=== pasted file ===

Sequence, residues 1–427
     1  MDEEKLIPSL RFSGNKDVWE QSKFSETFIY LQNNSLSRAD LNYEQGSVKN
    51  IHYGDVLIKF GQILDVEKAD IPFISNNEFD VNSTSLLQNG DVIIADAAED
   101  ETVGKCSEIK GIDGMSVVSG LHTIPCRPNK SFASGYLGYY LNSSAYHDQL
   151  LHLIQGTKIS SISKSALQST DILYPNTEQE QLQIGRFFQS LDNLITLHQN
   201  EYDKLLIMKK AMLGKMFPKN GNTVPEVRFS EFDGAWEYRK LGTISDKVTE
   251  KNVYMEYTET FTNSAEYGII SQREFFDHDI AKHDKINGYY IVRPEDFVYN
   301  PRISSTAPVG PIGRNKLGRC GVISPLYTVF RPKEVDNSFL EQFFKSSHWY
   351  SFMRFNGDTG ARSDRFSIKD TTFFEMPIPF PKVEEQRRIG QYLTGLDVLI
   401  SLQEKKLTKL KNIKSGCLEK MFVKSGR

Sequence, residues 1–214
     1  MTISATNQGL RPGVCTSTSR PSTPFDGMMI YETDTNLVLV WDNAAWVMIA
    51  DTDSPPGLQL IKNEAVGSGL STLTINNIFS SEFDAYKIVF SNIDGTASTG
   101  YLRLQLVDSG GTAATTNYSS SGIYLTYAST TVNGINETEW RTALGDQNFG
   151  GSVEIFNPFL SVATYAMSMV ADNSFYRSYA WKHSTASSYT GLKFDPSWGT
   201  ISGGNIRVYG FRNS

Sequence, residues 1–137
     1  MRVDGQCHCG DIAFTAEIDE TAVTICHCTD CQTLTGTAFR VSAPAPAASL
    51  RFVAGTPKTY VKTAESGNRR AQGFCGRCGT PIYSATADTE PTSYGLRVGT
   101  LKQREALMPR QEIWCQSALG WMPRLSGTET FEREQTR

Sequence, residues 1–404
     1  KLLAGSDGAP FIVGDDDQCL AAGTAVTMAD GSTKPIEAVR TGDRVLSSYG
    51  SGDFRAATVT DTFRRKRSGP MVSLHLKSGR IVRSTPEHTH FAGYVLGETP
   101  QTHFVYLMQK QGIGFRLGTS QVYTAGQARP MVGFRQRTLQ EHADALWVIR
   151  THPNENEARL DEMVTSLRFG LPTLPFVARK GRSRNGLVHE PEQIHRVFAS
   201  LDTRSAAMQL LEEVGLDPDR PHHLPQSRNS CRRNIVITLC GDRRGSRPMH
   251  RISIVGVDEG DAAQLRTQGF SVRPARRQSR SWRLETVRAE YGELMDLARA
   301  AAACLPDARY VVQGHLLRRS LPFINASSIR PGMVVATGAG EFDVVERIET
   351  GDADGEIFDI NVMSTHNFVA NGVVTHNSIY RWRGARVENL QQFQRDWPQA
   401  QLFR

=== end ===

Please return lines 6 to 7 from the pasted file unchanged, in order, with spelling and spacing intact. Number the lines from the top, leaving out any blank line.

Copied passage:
   201  EYDKLLIMKK AMLGKMFPKN GNTVPEVRFS EFDGAWEYRK LGTISDKVTE
   251  KNVYMEYTET FTNSAEYGII SQREFFDHDI AKHDKINGYY IVRPEDFVYN